9 Oct 2011

Music Review: ROCKSTAR: Magic Sparkles, Fades and Sparkles Again

Music AR Rahman / Lyrics Irshad Kamil
AR Rahman is forgiven his last lukewarm original Hindi film soundtrack Jhoota Hi Sahi (2010), for the long-awaited 14-tracklist long Rockstar, which is far from disappointing. The songs are still growing their gentle creepers as we write. Yes, there is some testing stuff too.
Mohit Chauhan gets a windfall of nine songs, solos and otherwise, that he grabs with both hands. A film musical requiring a certain vocal identity for the protagonist must have prompted the Chauhan largesse, considering Udit Narayan got a bountiful from Rahman a decade ago for Lagaan (2001). The thing about Rahman, that within the limitations that film music imposes, his creatively-gifted melodies and technical robustness, ensures something new. Evidence of the freshness here too.  
Phir se ud chala is a beautiful Irshad Kamil tribute to all the dreamers and travellers, as Chauhan goes - mitti jaise sapne ye, girta bhi palkon se, jado phir aa jate hai…. The turns of the song as unknown bends of a fast flowing river, moving from a guitar background to a techno fade out, riveting stuff. Jo bhi main is another deep poetic Kamil, set a live Chauhan act, soft and spiralling array of guitar, underplayed percussion and wordplay.
Rahman gave evidence of his Punjabi-theme dexterity first in Taal (1999), and he is clearly enjoying himself in Katiya karun, where Harshdeep Kaur is a perfect female lead, if you have heard her in similar Bulley Shah shades, at the recently concluded MTV Coke Studio. Although the main refrain of Kun faya kun can be heard fleeting in the antara of Mujhe Rang De - Thakshak (1999), no complaints, and the effect is stunning in atmospherics, you can almost smell incense here. Sample the simple harmonium-tabla magic with Javed Ali, Rahman and Chauhan as Kamil’s lyrics add lustre. All comes together in harmony, an experience.Kamil’s words deserve a front cover credit that he doesn’t get. 
Sheher mein plays as a studio recording as Chauhan mock-improvises to a straight-forward Karthik rendition of deliberate pop lyrics. A peppy number, embedded as it seems to the film plot. Hawaa hawaa will take getting used to, as a Spanish tango stage inspired song, again Chauhan omnipresent.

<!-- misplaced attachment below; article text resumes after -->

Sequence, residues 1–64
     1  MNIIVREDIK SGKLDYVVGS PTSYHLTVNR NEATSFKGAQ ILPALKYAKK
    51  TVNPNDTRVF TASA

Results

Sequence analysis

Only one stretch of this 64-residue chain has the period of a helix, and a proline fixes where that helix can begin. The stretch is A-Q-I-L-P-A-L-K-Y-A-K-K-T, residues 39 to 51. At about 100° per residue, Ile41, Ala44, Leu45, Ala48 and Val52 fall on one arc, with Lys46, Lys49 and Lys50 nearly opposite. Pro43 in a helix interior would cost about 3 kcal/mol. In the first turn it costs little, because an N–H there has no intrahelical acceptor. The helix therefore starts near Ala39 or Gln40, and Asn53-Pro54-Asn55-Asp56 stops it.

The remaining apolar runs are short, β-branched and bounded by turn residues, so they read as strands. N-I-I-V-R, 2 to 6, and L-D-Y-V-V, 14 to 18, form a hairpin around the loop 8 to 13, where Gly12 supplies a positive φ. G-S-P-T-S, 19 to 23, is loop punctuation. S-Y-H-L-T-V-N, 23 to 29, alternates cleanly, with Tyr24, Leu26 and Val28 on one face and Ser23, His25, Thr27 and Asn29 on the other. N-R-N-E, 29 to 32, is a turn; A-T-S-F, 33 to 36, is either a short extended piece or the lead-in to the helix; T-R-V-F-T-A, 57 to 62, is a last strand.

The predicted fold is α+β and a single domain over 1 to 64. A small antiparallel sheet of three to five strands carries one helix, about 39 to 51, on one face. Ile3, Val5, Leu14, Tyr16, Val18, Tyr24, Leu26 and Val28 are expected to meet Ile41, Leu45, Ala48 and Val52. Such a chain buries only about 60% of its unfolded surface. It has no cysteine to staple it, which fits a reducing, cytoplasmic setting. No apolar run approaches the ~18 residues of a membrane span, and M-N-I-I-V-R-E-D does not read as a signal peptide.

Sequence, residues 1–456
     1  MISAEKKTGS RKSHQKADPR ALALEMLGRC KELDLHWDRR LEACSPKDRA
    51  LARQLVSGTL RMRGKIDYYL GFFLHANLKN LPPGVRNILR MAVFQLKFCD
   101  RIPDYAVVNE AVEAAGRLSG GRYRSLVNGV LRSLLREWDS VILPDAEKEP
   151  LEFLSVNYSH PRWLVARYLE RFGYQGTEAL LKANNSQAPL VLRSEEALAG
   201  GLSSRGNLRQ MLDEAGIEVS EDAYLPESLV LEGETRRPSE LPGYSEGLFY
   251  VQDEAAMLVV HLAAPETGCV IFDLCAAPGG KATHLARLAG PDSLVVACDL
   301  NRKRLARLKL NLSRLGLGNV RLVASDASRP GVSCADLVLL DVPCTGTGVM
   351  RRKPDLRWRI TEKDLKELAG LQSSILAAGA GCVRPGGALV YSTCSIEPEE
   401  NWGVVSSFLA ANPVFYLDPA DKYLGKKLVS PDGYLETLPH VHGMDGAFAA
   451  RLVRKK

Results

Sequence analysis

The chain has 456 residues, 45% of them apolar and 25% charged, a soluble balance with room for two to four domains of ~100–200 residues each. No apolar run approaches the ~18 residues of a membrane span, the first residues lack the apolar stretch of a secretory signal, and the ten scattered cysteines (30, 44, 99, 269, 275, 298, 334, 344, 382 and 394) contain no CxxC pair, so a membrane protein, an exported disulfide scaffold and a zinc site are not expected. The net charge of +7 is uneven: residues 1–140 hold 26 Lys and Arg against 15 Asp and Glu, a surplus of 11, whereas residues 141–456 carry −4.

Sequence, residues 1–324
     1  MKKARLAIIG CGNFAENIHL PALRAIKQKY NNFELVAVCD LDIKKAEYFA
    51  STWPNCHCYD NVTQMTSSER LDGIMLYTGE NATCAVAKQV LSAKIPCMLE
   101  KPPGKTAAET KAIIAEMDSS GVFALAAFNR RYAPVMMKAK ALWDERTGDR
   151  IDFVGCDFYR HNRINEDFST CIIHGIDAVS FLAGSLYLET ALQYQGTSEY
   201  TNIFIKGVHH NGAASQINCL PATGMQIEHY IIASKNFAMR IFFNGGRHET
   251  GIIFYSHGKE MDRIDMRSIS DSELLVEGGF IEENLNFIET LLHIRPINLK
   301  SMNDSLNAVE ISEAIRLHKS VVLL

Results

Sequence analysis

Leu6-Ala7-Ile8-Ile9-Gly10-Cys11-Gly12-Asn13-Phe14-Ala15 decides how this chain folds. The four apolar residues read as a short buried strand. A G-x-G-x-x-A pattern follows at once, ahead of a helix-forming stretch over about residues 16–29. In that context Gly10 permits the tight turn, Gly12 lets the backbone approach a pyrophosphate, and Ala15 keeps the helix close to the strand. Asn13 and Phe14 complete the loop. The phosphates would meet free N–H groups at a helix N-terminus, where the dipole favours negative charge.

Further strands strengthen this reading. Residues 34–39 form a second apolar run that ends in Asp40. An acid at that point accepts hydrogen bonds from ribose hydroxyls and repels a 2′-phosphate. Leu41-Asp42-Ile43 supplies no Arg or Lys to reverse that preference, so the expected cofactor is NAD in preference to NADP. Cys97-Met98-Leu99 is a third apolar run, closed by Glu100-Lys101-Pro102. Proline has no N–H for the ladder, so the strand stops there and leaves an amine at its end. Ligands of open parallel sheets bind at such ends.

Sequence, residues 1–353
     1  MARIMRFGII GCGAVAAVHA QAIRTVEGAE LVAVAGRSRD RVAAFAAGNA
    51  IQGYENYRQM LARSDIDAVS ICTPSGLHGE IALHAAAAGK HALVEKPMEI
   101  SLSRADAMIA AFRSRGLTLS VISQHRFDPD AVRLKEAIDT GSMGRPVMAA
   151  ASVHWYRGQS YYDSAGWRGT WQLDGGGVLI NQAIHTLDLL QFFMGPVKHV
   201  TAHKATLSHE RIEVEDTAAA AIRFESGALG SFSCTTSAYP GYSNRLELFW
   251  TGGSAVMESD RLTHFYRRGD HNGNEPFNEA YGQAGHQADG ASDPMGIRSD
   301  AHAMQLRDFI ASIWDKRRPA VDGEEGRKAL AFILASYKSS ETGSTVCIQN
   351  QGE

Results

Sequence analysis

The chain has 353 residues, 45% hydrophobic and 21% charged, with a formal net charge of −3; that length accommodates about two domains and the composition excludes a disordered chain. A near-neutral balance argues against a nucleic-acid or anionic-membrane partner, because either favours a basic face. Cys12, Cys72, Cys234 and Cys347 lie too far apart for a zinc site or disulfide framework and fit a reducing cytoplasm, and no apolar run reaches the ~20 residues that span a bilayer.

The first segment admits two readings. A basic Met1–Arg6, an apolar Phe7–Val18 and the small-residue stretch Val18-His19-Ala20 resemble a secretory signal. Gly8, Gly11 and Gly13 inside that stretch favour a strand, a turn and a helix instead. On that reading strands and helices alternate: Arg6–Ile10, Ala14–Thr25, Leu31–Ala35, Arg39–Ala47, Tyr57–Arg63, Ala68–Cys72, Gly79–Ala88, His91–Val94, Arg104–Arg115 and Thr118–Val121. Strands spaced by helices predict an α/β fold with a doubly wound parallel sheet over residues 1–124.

The off-key stuff coming up. Aur ho goes down the dark alley of destruction, a modern Devdas take, the Spanish influence hovering in the background. Has not got through yet, a weak link. Dichotomy of fame has some technically muffled shehnai and sparks of Rahman’s album experiment Connections (2009). Pass through stuff. Tango for Taj is an instrumental with Spanish hues reappearing with harmonica and piano, and patches of Hawaa hawaa. Kavita Subramaniam makes a comeback in Tum ko, reminiscent of her part in Tu hi re Bombay (1995). Still to grow on us, has a hint of spark.  
After the low-intensity moments, magic makes a re-entry with Nadaan parindey, Rahman and Chauhan gel well in this stage-set situation, a call for home-coming, Rahman gets the band infusion right here, knowing where cymbals have to shiver and the guitar histrionics blaze. Tum ho has the sound, situation, singer and déjà vu of Pritam’s Tum se hi – Jab We Met (2007). Decent, we expected better. In contrast, Sadaa haq is a sure winner, original, ‘anthemic’ and epic as Rahman does best, Kamil is in his element here as – kyun sach ka sabak sikae, jab sach sun bhi na paaye, sach koi bole toh tuh, niyam kanoon batae! The Ranbir Kapoor monologue to conclude is a brief filler. So, of the most good, some bad Rahman spread, we will applaud and tinker with doubt on some.
Rewind
Phir se ud chala, Jo bhi main, Katiya karun, Kun faya kun, Sheher mein, Nadaan Parinde and Saada haq, are all - shut yourself in a dark room and listen in stuff.

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